Today's post is by UM & Global blogmaster Dr. David W. Scott, Mission Theologian at the General Board of Global Ministries. The opinions and analysis expressed here are Dr. Scott's own and do not reflect in any way the official position of Global Ministries.
Today's post is an attempt to address frequently asked questions about General Conference and the effects of the on-going pandemic on it.
I have seen contradictory statements about General Conference 2022. The "A Call to Grace" statement said it was unlikely to happen, but Good News says that's not true. Is General Conference happening next year or not?
In short, that decision has not been made yet.
The Commission on General Conference is the group tasked with preparing for General Conference, and they get the final say on whether General Conference happens or not. The Commission has already decided to postpone the General Conference twice, to its currently scheduled dates of Aug. 29-Sept. 6, 2022. While the group is making preparations for an in-person conference next year, there is also the possibility that the could decide that conditions related to the pandemic necessitate a further postponement or even cancellation of General Conference. In the latter case, General Conference would likely not meet again until its regularly scheduled 2024 meeting.
The Commission will make a decision sometime in the first several months of 2022.
What about a virtual General Conference? Is that another possibility?
While holding a virtual or distributed General Conference is an idea that has gotten a lot of discussion, including on this blog, the Commission on General Conference seems opposed to the idea. A sub-committee released a report earlier this year that explored a variety of virtual options, but ultimately concluded that such options did not provide for equitable participation across the globe. A proposal by the Council of Bishops for a very limited virtual General Conference earlier this year had to be scrapped because of opposition. While it is possible that the Commission on General Conference could reconsider the idea, that seems unlikely.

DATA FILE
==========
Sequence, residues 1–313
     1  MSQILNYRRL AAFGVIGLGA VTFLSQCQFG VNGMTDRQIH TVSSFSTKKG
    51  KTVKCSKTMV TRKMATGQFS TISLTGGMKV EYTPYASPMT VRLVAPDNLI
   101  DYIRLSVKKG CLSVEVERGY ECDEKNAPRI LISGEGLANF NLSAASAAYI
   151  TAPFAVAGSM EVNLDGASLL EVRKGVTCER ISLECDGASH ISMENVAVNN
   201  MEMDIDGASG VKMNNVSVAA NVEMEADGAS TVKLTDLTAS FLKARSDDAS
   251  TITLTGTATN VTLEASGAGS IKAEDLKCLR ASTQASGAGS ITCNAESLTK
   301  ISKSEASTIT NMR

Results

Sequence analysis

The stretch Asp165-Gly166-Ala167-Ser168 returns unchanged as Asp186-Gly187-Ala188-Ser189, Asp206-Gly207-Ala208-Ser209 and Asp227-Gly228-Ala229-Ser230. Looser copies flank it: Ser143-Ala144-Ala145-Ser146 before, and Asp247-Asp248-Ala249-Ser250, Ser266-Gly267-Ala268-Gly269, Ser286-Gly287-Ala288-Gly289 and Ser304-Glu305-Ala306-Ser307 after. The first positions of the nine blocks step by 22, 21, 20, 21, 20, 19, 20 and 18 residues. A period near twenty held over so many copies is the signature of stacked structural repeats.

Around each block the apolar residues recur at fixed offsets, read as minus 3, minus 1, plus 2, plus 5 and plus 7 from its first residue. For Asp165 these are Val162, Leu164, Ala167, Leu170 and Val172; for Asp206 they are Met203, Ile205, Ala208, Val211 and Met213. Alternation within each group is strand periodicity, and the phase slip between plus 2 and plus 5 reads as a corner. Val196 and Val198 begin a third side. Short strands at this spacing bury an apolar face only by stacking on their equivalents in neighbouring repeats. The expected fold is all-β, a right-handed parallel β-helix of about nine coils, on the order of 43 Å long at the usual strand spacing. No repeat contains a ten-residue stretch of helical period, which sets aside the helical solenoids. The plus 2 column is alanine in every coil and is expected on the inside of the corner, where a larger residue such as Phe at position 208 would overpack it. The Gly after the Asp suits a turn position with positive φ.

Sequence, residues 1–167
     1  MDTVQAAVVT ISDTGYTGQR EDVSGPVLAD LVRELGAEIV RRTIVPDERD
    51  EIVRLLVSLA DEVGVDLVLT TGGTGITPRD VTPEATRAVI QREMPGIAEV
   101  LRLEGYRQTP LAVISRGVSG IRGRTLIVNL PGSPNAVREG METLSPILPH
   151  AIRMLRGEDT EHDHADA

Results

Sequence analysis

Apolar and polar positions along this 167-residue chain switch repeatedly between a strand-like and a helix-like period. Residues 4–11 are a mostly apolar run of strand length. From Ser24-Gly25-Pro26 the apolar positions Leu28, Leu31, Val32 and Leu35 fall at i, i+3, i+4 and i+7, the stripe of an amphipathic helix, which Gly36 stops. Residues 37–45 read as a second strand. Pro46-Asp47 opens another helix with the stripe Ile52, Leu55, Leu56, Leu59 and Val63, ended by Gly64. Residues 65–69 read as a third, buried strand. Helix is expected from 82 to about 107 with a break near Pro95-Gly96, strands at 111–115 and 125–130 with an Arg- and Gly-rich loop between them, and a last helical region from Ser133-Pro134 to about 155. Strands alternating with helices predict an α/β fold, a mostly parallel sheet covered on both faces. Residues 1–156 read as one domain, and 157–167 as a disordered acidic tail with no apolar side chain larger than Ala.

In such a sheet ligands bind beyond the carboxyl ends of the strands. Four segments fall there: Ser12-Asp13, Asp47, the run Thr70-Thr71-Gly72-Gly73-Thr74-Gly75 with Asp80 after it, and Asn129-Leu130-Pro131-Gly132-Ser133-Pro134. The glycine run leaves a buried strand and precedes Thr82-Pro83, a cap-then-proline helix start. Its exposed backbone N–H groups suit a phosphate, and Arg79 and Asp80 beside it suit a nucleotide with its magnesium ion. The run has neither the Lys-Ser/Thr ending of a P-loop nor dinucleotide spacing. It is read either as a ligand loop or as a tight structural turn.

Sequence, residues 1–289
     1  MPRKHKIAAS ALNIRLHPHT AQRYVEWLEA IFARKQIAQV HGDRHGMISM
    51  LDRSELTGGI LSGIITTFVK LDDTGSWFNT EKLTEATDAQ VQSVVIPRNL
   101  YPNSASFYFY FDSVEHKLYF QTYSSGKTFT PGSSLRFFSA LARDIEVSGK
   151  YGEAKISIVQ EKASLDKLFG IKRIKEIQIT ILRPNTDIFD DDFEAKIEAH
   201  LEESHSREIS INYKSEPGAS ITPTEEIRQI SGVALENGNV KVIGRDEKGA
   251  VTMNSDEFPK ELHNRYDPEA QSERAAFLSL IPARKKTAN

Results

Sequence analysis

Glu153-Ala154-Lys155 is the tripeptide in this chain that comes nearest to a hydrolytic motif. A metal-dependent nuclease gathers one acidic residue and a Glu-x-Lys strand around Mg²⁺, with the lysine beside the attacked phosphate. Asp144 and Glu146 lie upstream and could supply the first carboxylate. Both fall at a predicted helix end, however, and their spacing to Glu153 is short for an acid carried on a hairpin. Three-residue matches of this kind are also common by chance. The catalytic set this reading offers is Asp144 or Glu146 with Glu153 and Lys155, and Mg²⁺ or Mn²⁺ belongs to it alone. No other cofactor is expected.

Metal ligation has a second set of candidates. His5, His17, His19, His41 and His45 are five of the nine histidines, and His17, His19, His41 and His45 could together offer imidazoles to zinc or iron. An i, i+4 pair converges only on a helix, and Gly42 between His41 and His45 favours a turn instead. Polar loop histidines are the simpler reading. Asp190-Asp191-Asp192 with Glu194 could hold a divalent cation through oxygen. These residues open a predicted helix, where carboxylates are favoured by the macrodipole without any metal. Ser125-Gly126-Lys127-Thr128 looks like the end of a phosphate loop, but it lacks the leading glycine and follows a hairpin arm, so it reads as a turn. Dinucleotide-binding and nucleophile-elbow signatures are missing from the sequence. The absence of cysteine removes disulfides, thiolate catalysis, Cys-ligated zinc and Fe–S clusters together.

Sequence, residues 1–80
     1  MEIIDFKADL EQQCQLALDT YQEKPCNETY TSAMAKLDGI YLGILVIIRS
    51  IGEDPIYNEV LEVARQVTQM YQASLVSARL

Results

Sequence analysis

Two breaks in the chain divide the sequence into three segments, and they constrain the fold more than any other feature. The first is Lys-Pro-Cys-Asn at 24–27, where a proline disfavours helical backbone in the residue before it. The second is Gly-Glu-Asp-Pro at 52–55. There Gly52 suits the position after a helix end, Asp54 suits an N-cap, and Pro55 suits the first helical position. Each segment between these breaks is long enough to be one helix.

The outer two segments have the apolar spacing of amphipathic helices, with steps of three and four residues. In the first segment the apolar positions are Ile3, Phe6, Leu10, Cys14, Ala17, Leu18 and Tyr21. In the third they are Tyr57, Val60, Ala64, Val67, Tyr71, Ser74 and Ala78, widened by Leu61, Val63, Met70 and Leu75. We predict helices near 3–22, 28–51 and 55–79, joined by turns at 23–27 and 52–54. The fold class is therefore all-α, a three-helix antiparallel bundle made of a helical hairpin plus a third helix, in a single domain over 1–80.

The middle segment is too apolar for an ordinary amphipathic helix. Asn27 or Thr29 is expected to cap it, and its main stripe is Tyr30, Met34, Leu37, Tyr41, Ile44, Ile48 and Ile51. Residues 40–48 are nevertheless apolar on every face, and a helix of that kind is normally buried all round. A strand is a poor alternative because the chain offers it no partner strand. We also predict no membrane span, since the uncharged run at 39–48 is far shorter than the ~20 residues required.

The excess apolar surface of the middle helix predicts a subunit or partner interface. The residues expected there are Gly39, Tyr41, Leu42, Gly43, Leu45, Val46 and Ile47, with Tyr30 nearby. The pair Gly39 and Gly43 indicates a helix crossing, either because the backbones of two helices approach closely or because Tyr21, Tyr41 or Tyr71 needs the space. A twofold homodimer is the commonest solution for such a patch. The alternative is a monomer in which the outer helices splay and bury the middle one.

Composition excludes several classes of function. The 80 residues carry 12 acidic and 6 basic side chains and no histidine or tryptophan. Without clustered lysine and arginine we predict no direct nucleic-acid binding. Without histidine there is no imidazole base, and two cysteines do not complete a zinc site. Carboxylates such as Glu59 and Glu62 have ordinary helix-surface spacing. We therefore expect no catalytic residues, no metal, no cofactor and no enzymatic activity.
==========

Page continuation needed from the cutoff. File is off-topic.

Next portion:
What factors will the Commission on General Conference use to make a decision on whether or not to hold General Conference next year?
Based on the decisions made and reports issued by the Commission thus far, its strong preference seems to be for an in-person meeting that a broadly representative swath of delegates are able to attend. The main factors then become whether delegates from around the world are able to travel to Minneapolis, MN to attend. The largest influencing factor there is the policies that the United States government sets for travel to the United States for visitors from other countries.
What are those US government travel policies? I heard that the United States reopened to visitors this week.